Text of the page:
Parkinson's disease is a second most common age-related neurodegenerative disorder characterized by the loss of DA neurons of SNpc region of the midbrain. Neurotransmitter dysfunction is involved in the pathogenesis of PD. Antidepressants like venlafaxine and sertraline expected to improve Parkinsonism like symptoms by modulating the levels of various neurotransmitters. The neuroprotective role of antidepressants is well explored in various CNS disorders. Therefore, this study was designed to explore and compare the mechanistic role of different antidepressants (venlafaxine and sertraline) against rotenone induced Parkinsonism like symptoms in rats. Rats were administrated with rotenone (1.5mg/kg/day; s.c.) daily for a period of 28 days. Venlafaxine (10 and 20mg/kg; p.o.), sertraline (10 and 20mg/kg; p.o.) and Levodopa combination with Carbidopa (10mg/kg; p.o.) were administered daily starting from 7th day one hour prior to rotenone administration. Behavioral parameters (body weight, rotarod, grip strength, narrow beam walk and open field) were assessed on weekly basis. On 28th day, animals were sacrificed and striatum were isolated for biochemical (LPO, GSH and nitrite), neuroinflammatory (TNF-α, IL-1β and IL-6), neurochemical (DA, NE, 5-HT, GABA, Glutamate, DOPAC, HVA and 5-HIAA) and mitochondrial complex-I estimation. Rotenone administration significantly reduced body weight, motor coordination, oxidative defense, increased pro-inflammatory mediators and decreased level of catecholamines. Pre-treatment with venlafaxine and sertraline significantly attenuated the alteration in behavioral, oxidative stress, neuroinflammatory, mitochondrial and catecholamines level in striatum. The study provides a hope that these drugs could be used as adjuvant therapy in the management and treatment of PD. PMID:26996500

  2. Drug-induced renal disorders

    PubMed Central

    Ghane Shahrbaf, Fatemeh; Assadi, Farahnak

    2015-01-01

    Drug-induced nephrotoxicity are more common among infants and young children and in certain clinical situations such as underlying renal dysfunction and cardiovascular disease. Drugs can cause acute renal injury, intrarenal obstruction, interstitial nephritis, nephrotic syndrome, and acid-base and fluid electrolytes disorders. Certain drugs can cause alteration in intraglomerular hemodynamics, inflammatory changes in renal tubular cells, leading to acute kidney injury (AKI), tubulointerstitial disease and renal scarring. Drug-induced nephrotoxicity tends to occur more frequently in patients with intravascular volume depletion, diabetes, congestive heart failure, chronic kidney disease, and sepsis. Therefore, early detection of drugs adverse effects is important to prevent progression to end-stage renal disease. Preventive measures requires knowledge of mechanisms of drug-induced nephrotoxicity, understanding patients and drug-related risk factors coupled with therapeutic intervention by correcting risk factors, assessing baseline renal function before initiation of therapy, adjusting the drug dosage and avoiding use of nephrotoxic drug combinations PMID:26468475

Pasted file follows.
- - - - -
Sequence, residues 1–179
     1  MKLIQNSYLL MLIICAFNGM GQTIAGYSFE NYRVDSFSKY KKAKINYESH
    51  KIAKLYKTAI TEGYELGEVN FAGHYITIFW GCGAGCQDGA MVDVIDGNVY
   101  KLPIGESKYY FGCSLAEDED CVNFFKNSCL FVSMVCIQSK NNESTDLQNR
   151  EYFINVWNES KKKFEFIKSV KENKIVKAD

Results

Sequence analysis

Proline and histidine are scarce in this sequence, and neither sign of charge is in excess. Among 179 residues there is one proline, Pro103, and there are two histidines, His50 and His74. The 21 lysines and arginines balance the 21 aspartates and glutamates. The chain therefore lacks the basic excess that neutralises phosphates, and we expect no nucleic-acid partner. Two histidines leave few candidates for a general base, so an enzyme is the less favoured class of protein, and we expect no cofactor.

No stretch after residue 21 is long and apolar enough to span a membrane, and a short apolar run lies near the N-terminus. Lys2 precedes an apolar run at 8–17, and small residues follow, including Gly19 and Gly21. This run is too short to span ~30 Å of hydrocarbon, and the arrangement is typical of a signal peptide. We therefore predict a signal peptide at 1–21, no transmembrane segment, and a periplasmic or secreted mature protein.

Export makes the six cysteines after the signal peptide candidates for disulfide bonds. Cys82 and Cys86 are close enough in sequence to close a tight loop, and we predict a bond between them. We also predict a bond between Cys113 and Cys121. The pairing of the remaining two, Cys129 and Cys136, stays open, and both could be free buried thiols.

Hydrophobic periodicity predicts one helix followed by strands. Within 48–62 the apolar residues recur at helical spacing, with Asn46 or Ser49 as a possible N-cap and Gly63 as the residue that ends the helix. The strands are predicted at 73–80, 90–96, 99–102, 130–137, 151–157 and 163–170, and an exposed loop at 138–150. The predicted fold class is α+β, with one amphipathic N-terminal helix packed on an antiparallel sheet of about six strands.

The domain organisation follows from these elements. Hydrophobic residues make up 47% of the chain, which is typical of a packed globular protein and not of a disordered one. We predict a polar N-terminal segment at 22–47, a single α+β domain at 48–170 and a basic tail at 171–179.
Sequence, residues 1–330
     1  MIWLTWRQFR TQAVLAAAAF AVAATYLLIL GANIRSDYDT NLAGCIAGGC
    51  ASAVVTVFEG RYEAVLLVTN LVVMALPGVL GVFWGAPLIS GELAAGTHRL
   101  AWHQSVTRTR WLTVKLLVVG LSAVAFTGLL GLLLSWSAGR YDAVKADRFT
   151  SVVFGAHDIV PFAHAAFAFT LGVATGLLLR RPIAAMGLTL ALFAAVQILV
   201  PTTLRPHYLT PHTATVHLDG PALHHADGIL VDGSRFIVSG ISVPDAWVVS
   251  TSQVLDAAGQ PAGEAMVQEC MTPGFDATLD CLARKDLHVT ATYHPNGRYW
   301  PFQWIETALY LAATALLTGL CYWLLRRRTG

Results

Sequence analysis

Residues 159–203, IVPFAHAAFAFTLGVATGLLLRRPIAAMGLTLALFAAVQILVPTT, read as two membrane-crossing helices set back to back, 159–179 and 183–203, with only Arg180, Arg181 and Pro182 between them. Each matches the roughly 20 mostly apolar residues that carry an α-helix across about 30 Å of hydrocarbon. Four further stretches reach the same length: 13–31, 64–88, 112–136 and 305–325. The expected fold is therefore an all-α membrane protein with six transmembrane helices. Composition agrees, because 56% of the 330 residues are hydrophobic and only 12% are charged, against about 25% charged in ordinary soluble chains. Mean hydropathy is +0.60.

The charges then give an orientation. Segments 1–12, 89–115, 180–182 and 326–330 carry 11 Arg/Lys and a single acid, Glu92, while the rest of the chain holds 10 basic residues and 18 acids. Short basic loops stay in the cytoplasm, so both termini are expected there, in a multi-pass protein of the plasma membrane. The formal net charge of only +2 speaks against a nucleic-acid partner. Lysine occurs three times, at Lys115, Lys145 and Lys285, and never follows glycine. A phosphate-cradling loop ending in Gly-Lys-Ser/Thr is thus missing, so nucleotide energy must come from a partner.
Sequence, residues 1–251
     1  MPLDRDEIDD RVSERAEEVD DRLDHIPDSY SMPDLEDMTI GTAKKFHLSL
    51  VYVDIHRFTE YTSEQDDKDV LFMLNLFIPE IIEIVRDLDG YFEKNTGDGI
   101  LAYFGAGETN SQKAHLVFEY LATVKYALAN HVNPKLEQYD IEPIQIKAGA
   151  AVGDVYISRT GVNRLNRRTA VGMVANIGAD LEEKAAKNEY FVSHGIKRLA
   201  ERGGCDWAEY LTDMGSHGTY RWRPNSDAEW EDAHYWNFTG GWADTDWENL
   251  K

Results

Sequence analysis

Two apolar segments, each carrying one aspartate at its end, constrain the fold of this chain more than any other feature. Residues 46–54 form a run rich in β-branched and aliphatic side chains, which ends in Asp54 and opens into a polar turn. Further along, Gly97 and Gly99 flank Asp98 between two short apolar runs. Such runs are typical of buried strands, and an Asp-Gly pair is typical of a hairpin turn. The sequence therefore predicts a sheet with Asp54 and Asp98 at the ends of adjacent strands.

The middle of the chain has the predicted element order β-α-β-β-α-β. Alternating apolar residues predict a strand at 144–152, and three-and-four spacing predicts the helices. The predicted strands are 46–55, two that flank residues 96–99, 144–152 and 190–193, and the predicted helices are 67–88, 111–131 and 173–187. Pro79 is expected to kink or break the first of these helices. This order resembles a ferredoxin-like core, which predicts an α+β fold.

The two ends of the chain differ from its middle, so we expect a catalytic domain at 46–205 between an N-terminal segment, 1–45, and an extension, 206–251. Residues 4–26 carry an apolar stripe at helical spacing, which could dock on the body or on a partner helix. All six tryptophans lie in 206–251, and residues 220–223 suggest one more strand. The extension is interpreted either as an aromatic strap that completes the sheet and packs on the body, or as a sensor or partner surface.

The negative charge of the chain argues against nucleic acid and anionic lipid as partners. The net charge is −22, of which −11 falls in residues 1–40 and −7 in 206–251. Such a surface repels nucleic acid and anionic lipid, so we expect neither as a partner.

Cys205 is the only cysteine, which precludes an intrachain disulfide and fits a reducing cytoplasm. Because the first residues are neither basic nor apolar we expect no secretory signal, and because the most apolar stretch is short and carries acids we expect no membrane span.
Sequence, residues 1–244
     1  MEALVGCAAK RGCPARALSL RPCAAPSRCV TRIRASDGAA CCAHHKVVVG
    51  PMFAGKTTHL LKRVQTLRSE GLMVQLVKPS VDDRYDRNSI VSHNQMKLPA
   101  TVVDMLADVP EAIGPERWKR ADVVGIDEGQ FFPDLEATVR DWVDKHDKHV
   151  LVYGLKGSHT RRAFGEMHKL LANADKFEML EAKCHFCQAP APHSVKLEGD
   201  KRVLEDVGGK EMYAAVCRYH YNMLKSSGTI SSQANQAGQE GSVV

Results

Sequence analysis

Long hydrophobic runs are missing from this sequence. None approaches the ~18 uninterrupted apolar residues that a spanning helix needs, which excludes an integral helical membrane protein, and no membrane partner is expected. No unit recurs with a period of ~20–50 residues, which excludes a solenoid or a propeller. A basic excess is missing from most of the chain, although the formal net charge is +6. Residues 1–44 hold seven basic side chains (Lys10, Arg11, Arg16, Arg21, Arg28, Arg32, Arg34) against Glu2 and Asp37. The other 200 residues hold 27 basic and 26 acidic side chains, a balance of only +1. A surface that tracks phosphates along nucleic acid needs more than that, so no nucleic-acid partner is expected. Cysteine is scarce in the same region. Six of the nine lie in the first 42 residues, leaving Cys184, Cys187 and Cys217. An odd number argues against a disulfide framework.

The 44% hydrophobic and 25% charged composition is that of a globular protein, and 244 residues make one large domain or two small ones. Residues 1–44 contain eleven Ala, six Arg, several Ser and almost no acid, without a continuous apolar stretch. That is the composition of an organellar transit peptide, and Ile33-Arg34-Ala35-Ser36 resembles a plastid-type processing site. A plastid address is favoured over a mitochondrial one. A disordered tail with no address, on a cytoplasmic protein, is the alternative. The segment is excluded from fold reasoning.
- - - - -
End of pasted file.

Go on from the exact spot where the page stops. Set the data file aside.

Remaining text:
3. Drug-induced renal disorders.

    PubMed

    Ghane Shahrbaf, Fatemeh; Assadi, Farahnak

    2015-01-01

    Drug-induced nephrotoxicity are more common among infants and young children and in certain clinical situations such as underlying renal dysfunction and cardiovascular disease. Drugs can cause acute renal injury, intrarenal obstruction, interstitial nephritis, nephrotic syndrome, and acid-base and fluid electrolytes disorders. Certain drugs can cause alteration in intraglomerular hemodynamics, inflammatory changes in renal tubular cells, leading to acute kidney injury (AKI), tubulointerstitial disease and renal scarring. Drug-induced nephrotoxicity tends to occur more frequently in patients with intravascular volume depletion, diabetes, congestive heart failure, chronic kidney disease, and sepsis. Therefore, early detection of drugs adverse effects is important to prevent progression to end-stage renal disease. Preventive measures requires knowledge of mechanisms of drug-induced nephrotoxicity, understanding patients and drug-related risk factors coupled with therapeutic intervention by correcting risk factors, assessing baseline renal function before initiation of therapy, adjusting the drug dosage and avoiding use of nephrotoxic drug combinations. PMID:26468475

  4. Meclizine-induced enhanced glycolysis is neuroprotective in Parkinson disease cell models

    PubMed Central

    Hong, Chien Tai; Chau, Kai-Yin; Schapira, Anthony H. V.

    2016-01-01

    Meclizine is a well-tolerated drug routinely used as an anti-histamine agent in the management of disequilibrium. Recently, meclizine has been assessed for its neuroprotective properties in ischemic stroke and Huntington disease models. We found that meclizine protected against 6-hydroxydopamine-induced apoptosis and cell death in both SH-SY5Y cells and rat primary cortical cultures. Meclizine increases the level of 6-phosphofructo-2-kinase/fructose-2,6-biphosphatase 3 (PFKFB3), which activates phosphofructokinase, a rate-determining enzyme of glycolysis. This protection is therefore mediated by meclizine’s ability to enhance glycolysis and increase mitochondrial hyperpolarization. Meclizine represents an interesting candidate for further investigation to re-purpose for its potential to be neuroprotective in Parkinson disease. PMID:27145922